To conclude, Pride and Prejudice provides Takarazuka with ideal material for creating its typical production. The genteel style of writing without any overtly sexual or sordid references matches the idealized image of love on the Takarazuka stage. A costume play set in Europe is also a forte of Takarazuka, whose exoticism derives from the westernizing ideology of the Taishō period. As a consequence, Pride and Prejudice is presented as a sugary world of romantic love in which the Japanese female audience can invest. At the same time, such simplification has made Angels’ Ladder too sweet and perhaps too good to be true, making us realize that the ideal romance of Darcy and Elizabeth is rendered convincing in Austen’s novel precisely because Pride and Prejudice provides the reader with some dire realities of marriage and women’s lives, and of subtle class and monetary differences at the turn of the eighteenth into the nineteenth century. The difficulty of presenting Darcy’s story also reminds us how much the novel depends on the characterization of the heroine Elizabeth Bennet and on her viewpoint as a fortuneless daughter of the middling gentry. Angels’ Ladder simplifies and harlequinizes Pride and Prejudice’s romance at the expense of its more complex characterizations and social observations, thus transforming it to a typical dream-like romance of the Takarazuka world.
1This is a revised version of the paper presented at the conference Pride and Prejudice: Celebrating 200 Years of Jane Austen’s Best-Loved Novel at Lucy Cavendish College, University of Cambridge, on 21 June 2013. For the concise history of Austen’s reception in Japan, see Ebine, Amano, and Hisamori.
2Angel’s Ladder was staged at the Main Hall, Nihon-Seinen-kan, Tokyo, 7-12 March 2012, and at the Takarazuka Bow Hall, Hyogo, 19-31 March 2012. I regret that permission for the reproduction of stage images and posters was not granted. However, the poster for Angels’ Ladder can be seen at Takarazuka’s archive page: http://archive.kageki.hankyu.co.jp/revue/backnumber/12/bow_star_angelsladde/poster.jpg.html. Recordings of the performance itself are not available, but the album of the musical numbers is on sale at the TCA (Takarazuka Creative Arts) Music website: http://www.tca-pictures.net/music/cgi-bin/detail.cgi?goods_code=TZK-864".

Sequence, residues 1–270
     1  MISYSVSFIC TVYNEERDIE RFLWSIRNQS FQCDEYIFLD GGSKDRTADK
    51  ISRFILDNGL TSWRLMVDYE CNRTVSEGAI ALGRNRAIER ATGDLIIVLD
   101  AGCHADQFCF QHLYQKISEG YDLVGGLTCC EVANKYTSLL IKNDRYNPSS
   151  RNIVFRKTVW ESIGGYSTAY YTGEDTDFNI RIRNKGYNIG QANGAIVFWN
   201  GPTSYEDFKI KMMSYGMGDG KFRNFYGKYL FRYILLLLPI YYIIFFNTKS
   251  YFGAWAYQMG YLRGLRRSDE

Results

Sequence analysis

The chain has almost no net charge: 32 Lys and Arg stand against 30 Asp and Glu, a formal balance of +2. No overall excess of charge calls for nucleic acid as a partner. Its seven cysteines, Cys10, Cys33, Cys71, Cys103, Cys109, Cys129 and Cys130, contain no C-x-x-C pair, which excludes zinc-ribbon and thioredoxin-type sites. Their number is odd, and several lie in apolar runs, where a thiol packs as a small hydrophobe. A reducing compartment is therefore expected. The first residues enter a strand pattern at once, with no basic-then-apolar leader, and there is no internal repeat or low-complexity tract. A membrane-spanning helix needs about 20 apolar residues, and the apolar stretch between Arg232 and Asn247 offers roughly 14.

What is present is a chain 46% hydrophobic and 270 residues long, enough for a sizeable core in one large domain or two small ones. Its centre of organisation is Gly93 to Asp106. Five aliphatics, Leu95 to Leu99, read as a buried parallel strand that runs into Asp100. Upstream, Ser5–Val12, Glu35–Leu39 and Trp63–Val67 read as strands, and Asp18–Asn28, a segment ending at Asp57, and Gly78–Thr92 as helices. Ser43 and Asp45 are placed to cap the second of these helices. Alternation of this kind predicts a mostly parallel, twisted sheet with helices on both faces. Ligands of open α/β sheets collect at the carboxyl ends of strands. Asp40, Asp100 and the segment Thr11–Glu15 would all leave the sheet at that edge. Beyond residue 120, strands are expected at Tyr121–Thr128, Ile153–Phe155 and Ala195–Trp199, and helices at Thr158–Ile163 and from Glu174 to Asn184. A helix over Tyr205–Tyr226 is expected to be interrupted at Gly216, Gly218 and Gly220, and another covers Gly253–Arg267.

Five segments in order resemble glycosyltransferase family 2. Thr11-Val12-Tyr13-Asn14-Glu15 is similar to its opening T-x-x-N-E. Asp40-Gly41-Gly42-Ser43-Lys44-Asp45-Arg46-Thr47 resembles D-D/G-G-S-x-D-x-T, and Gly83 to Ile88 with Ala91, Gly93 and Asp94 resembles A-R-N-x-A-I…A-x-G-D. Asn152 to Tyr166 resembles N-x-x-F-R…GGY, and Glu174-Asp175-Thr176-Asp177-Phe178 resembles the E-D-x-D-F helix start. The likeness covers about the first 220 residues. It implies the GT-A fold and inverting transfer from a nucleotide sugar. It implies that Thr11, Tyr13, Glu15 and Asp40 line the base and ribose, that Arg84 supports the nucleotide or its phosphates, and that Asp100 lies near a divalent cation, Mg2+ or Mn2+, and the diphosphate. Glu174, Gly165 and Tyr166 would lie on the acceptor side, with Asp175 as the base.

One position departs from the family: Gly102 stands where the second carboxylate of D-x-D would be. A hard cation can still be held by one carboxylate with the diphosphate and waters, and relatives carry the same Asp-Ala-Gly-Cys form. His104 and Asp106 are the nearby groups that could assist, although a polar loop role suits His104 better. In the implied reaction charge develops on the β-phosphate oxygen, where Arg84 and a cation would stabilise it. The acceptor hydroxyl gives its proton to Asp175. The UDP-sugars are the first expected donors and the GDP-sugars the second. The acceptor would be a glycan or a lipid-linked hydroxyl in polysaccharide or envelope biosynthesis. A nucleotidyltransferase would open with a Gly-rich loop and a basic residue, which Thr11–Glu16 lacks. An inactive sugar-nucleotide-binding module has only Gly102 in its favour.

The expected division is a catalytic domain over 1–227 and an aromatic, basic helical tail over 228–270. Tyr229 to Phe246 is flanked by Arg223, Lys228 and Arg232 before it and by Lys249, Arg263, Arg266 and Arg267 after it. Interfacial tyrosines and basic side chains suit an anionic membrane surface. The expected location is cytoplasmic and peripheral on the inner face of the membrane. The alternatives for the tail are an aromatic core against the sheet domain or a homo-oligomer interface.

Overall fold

3There are a number of books on the history of the Takarazuka Revue Company. Leonie R. Stickland’s Gender Gymnastics provides a concise overview in English (17-50). See also “Takarazuka History” at the Takarazuka Revue Company’s official homepage: http://kageki.hankyu.co.jp/english/history.html.
5It is worth noting that the Takarazuka theater is a part of Kobayashi’s garden-city scheme for Hanshin (Osaka and Kōbe) district. The ideal suburb was inseparable from the concept of the newly rising middle-class family, and this emphasis on family meant underscoring domestic women (Tsuganezawa 146-56).
6The asymmetrical positioning of female-role players in Takarazuka’s logic is revealed in the Japanese term musumeyaku: musume translates as “young maiden” or “daughter” and not “female” or “woman.” This term indicates that in Takarazuka, a female-role player typically underlines her youth and cuteness as opposed to a male-role player’s maturity and magnanimity.
7For example, Iwami unquestioningly repeats that the story is set in the seventeenth- and eighteenth-century English countryside (76); Nagaoka further misunderstands Pride and Prejudice as a story of the Middle Ages (73).